Anyone watching the news over the past few days will have been struck by the images of sandblasted aid workers struggling to build refugee camps surrounded by nothing but miles of desert.
An Oxfam representative was quoted recently as saying that engineers working for the agency have found these the most difficult conditions they have ever worked in.
But NGOs are also dealing with the problem of the unknown. Nobody knows how many refugees there will be (estimates range from 600,000 to 1.5 million), where they will go and how long they will stay. This leaves agencies desperately trying to predict how much they should invest in setting up camps, not knowing if they will have to cope with thousands of people for a long period of time. Or, if military action is as successful as Bush and Blair hope, the flood of refugees will head back to Iraq within a few days.
On top of this, agencies may have to deal with the effects of chemical and biological weapons.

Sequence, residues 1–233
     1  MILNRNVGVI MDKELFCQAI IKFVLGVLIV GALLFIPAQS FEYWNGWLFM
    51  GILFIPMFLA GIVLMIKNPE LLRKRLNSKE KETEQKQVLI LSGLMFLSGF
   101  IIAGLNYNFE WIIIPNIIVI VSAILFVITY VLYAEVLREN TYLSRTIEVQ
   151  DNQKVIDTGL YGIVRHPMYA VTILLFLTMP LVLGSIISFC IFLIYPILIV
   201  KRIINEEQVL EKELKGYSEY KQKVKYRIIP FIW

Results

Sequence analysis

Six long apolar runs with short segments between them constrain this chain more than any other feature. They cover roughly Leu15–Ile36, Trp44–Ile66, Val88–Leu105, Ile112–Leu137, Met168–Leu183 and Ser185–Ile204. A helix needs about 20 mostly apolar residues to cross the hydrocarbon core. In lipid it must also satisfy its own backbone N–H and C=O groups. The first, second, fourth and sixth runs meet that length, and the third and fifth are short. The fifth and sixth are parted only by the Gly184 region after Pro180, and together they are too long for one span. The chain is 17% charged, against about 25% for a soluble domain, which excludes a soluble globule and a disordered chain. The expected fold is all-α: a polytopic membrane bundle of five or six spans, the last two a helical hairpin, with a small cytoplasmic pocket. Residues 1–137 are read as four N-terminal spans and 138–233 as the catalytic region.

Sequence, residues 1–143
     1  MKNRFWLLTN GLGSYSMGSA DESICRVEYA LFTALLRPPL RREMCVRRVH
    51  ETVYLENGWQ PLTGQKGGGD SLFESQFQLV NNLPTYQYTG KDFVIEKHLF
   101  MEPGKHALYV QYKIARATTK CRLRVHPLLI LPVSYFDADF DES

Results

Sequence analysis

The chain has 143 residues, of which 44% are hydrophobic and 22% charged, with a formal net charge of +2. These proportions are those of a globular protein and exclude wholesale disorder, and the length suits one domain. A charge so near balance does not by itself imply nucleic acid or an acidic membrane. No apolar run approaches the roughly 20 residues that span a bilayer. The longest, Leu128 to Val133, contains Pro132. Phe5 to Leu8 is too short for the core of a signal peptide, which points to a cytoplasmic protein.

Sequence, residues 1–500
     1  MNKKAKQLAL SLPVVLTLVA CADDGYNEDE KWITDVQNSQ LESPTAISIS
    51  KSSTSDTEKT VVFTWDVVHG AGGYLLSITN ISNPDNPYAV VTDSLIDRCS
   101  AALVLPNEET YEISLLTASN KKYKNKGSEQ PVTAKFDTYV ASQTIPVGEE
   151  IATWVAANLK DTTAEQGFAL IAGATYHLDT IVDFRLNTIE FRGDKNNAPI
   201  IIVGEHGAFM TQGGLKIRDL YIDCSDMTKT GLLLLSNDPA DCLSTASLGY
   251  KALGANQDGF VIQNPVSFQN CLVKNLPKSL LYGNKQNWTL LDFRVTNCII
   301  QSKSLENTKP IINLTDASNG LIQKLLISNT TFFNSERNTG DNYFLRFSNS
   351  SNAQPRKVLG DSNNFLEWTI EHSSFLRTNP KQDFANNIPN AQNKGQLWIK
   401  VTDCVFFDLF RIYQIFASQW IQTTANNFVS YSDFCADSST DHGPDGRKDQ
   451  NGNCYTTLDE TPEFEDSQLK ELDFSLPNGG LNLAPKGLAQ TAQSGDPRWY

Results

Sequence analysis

For such a predictable humanitarian disaster (war has been on the agenda for some time), the UK and US governments have done comparatively little to help agencies prepare for the humanitarian crisis that will follow.
NGOs battled to get additional money from the Government which eventually stumped up a paltry £3 million only two weeks before war was declared.
The lack of government funding means that UK agencies and the public are going to have to foot a large part of the bill for picking up the pieces despite the fact that many NGOs, and a large proportion of the public, do not even support military action.
With acres of column inches and hours of film dedicated to the war, appeals are likely to be a success. But when the initial attacks are over, it will become harder as the effects of the war will far outlast public and media interest.